Tech you didn’t know came from the UK
The UK is the fourth most technologically advanced country in the world. Many of the objects we use every day are due to the pioneering spirits of this inspiring nation. Here are some technologically advanced items that you probably didn’t know were coming from the UK.
Before the invention of today’s Smartphones and Iphones, the words “Mr. Watson, come here, I want you” were the first telephone words used over a hundred years ago.
It was 1876 in the UK, and telecommunications have evolved dramatically since their invention. Today, we can interact by phone with anyone, day or night.
This form of communication has evolved to such an extent that it is possible to communicate across continents in real time.
You are probably on this site looking for the best mobile casino has to offer. These casinos would obviously not be realized without the invention of the computer.
The idea for the original optimizable computing machine was dreamed up in 1812 by Charles Babbage, a man from London who devoted his life to building it. However, through an unfortunate succession of private and monetary difficulties, he was unable to complete what he called the “difference engine”. This invention was not completed until 1991, 120 years after his death.
The UK was also credited with creating Colossus, the first electrically powered computer used in World War II.
It’s hard to believe that the the world wide web is almost 30 years old, thanks to British computer scientist Sir Tim Berners-Lee. today a world without this information system seems unimaginable.
A graduate of Oxford University, Berners-Lee began his pioneering work while working at CERN in Switzerland. The idea of creating the Internet was inspired after he noticed the difficulty of his colleagues in disseminating information.
By creating HTTP, HTML, and URIs – better known as URLs – Berners-Lee exposed the fundamentals of the web and watched its development around the world.
A more modern invention than the computer or the telephone, the Raspberry Pi computer is an exceptional example of British technology at its best.
Raspberry Pi enables users to learn in a cooperative, intelligent and engaging environment for all.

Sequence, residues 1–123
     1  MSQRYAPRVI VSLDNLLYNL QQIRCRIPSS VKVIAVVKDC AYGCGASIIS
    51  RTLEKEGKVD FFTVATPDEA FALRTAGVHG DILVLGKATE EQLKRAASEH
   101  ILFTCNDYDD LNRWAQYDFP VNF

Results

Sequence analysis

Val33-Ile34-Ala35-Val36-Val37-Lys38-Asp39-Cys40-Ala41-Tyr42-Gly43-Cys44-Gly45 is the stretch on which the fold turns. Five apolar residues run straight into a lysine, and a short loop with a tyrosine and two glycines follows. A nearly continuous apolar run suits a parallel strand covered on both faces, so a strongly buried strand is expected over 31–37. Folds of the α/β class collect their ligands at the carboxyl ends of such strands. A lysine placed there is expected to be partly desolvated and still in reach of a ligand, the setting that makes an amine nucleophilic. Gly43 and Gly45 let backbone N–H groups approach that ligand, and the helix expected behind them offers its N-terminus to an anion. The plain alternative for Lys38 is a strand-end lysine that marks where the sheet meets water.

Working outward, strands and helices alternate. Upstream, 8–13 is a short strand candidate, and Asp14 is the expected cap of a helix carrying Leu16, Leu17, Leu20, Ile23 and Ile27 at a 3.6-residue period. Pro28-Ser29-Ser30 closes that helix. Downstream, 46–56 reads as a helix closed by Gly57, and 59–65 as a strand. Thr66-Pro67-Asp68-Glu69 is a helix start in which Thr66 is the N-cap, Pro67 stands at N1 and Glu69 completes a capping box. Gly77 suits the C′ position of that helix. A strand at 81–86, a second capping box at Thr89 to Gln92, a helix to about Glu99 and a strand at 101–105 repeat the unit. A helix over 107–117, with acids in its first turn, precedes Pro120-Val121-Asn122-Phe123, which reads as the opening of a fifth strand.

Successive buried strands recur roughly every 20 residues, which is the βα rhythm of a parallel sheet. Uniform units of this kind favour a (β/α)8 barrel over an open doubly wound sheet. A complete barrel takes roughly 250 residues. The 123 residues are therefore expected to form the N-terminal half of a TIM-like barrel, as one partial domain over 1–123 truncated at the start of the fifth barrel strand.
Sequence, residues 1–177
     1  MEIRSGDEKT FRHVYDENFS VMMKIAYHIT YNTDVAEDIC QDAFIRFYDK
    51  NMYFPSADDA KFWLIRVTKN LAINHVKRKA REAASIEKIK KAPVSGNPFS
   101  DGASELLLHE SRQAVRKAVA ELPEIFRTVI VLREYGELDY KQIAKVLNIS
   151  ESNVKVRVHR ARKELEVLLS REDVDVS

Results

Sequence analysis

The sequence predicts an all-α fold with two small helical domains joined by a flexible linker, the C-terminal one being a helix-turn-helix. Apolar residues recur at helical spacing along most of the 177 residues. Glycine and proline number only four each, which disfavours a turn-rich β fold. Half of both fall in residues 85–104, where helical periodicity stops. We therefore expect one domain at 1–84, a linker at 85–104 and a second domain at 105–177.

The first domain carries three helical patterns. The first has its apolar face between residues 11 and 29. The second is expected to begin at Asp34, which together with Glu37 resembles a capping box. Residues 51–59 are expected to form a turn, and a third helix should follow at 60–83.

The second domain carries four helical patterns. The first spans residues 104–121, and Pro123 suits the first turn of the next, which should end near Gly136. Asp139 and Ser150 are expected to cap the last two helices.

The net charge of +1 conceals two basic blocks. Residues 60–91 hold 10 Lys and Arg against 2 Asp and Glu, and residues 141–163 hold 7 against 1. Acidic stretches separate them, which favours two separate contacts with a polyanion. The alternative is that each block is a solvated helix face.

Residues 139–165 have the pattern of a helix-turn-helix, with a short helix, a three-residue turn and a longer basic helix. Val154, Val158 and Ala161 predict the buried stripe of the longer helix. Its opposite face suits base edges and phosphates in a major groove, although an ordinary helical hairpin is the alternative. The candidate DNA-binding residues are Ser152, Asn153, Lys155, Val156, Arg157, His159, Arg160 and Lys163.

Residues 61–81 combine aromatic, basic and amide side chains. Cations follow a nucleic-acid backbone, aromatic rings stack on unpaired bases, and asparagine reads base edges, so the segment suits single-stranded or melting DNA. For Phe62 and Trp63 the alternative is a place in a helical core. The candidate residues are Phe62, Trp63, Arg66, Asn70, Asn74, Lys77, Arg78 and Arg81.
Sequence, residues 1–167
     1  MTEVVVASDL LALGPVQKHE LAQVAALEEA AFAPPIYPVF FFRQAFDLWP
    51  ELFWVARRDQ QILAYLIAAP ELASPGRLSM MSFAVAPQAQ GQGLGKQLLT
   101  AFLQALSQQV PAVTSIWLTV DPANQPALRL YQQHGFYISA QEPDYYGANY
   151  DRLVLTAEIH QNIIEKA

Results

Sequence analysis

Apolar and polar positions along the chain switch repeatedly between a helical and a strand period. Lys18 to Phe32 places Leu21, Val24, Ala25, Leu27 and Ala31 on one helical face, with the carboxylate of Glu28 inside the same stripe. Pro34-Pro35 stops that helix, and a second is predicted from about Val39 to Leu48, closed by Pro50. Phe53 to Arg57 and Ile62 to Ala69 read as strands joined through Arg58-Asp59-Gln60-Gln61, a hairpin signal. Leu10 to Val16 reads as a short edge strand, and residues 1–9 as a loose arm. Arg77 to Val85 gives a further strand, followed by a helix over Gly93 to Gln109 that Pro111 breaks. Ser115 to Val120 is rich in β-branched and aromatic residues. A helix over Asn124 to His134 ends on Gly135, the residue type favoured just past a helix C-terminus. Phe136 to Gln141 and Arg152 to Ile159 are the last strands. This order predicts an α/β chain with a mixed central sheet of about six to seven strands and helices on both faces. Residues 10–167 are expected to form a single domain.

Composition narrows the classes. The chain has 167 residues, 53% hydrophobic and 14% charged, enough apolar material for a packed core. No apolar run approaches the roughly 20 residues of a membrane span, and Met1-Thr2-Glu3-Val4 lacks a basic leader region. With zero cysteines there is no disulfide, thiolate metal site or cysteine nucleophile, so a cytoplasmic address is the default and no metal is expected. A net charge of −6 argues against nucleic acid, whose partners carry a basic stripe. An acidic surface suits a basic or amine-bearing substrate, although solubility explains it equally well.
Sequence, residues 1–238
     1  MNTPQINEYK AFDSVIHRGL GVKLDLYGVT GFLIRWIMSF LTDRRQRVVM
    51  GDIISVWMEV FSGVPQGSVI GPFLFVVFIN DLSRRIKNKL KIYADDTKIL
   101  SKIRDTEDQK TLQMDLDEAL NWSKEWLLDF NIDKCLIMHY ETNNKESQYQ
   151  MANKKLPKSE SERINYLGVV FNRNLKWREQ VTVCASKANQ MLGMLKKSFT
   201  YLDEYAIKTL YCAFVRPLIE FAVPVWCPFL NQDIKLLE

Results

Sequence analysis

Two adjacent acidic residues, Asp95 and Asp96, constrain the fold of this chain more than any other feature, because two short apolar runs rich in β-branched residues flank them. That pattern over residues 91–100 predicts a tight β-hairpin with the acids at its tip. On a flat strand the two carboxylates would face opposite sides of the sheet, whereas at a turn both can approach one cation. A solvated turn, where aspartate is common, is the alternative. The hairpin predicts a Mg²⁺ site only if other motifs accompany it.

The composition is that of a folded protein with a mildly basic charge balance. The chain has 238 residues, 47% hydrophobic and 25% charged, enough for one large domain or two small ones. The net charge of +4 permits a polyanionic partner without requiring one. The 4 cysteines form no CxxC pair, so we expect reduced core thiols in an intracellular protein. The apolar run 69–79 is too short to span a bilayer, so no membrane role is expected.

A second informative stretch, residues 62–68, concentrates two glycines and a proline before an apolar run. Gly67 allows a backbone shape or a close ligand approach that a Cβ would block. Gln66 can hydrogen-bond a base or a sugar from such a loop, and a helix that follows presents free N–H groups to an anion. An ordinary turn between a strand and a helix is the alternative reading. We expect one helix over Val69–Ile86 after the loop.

This invention was intended to teach basic computing in schools as well as in developing countries.
Moving a bit away from all things PC, the creative work of an RAF officer brings us to the next fantastic British creation. Sir Frank Whittle’s influence on jet engine development began during his years as a cadet.
During this time he wrote a thesis on how airplanes should travel at both high altitude and high speed. He began testing several methods to make this a possibility. Finally, Whittle’s jet engine ignited for the first time in May 1941.
Soon after, a group of Americans heard the story of the jet engine and began their own work, succeeding Whittle’s engineering model.
In today’s world, taking a picture means unlocking your smartphone and taking a picture.
It wasn’t always so easy as the first awareness of imagery was basically founded in the UK by Fox Talbot in 1834. In nearly 200 years, photography has come a long way since then.
In addition to taking photos and posting them to social media, Talbot’s method of creating images was quite tricky as he positioned objects on paper concealed with light-sensitive silver chloride and exposed it to the sunlight.
In an attempt to combat the Blitz during World War II, radar was set up by a Scottish national, Robert Watson-Watt, who suggested that enemy aircraft could be identified through the use of radio waves.
The first successful radar Testing of the tracking system took place near Daventry in 1935 and later that year Watson-Watt was granted a patent for his discovery.
By 1940, 19 Radio Direction Finder (RDF) stations were positioned across the UK, with information flowing back to a central mapping room. This allowed the RAF to muster fighters in response to enemy aircraft heading inland.
Following a lawsuit over the background of the iPod, iTunes and QuickTime in 2006, Apple turned to British inventor Kane Kramer as part of its defense team.
Kramer was responsible for the idea of creating a portable digital music player in 1979, and he was able to patent it. Unfortunately, Kramer had no funding for his idea, which resulted in the patent expiring in 1988. During Apple’s lawsuit for the iPod, Kramer reportedly said he couldn’t even bring himself to buy an iPod. “Apple gave me one but it broke after eight months,” he said.